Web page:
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SCs UK ISP Anti-SPAM Virus Solution
By: MarkJ - 15 August, 2003 (8:23 AM)

Internet filtering firm SurfControl (SC) has today issued a new editorial touting the dangers of e-mail viruses (worms) being spread by SPAM (junk e-mail). Typically the group has a solution for UK ISPs fearing the worst:

Spam is annoying but now Britain's technology managers have issued a warning about spam e-mails that act as a new way for Windows viruses to penetrate organisations.

Spam is a huge problem, but companies worldwide are coming to realise it isonly part of the problem. All Internet content you read, send and receive carries a risk. The need for e-mail filtering combined with intelligent anti-spam technology and other network security measures, has never been greater-and SurfControl's technology can help stop spam in its tracks.

So why aren't ISPs doing more to protect us from Spam? If you have received a personal e-mail requesting help from a Nigerian attorney, you are not alone. Thousands of other e-mail users also received it as well. This e-mail is ranked as one of the "Top 10 Most Annoying Spam" according to SurfControl, a leader in the fight against spam as the world's number one Web and e-mail filtering company.

The bogus Nigerian e-mail was among the most widely distributed and recurring pieces of electronic junk sent to inboxes around the world, including thousands of inboxes in American corporations. Spam last year cost nearly $9 billion in lost productivity, increased hardware and operational costs, such as additional servers, storage and IT staff time to deal with the problem, as well as bandwidth-clogging network issues, according to recent industry research and SurfControl experts.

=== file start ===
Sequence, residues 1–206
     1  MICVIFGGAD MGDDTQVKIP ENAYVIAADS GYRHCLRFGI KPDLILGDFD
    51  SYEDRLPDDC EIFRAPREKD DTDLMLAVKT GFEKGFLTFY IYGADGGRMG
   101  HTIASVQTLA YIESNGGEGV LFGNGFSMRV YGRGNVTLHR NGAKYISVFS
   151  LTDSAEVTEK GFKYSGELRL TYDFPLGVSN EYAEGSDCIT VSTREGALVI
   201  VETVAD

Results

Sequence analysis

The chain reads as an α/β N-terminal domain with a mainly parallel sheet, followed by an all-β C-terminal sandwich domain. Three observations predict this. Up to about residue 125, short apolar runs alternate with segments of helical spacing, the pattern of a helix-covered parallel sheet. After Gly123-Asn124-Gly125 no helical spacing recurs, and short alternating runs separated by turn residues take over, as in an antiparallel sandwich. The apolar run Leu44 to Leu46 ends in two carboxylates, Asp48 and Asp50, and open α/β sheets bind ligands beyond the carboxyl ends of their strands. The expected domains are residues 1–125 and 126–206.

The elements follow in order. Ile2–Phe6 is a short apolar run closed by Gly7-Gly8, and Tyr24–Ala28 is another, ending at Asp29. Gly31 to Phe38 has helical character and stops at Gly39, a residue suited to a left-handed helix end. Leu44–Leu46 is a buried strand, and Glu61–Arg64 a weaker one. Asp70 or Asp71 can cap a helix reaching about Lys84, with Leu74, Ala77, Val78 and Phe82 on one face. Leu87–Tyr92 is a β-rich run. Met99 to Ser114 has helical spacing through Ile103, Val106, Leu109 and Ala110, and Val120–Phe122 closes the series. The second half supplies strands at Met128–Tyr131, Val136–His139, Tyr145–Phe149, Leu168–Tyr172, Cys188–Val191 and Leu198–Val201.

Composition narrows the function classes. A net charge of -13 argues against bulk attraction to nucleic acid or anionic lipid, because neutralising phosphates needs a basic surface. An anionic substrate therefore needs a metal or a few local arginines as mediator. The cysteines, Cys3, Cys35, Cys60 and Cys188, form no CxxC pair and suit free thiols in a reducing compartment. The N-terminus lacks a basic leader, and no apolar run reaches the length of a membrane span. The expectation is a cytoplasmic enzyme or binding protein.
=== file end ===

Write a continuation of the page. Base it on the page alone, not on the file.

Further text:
According to recent figures from Oftel, every eight seconds one UK household gets connected to the Internet for the first time. This represents a major opportunity for ISPs to build customer loyalty with a value added proposition.

Nick Outteridge, director of OEM technology partnerships at SurfControl, said: "Both the Government and private bodies are calling for ISPs to be more self-regulating and take more responsibility for the Internet content they provide. This provides forward thinking ISPs with the opportunity to reduce churn and differentiate themselves within the market by offering centralised security and filtering options within their Internet access packages."


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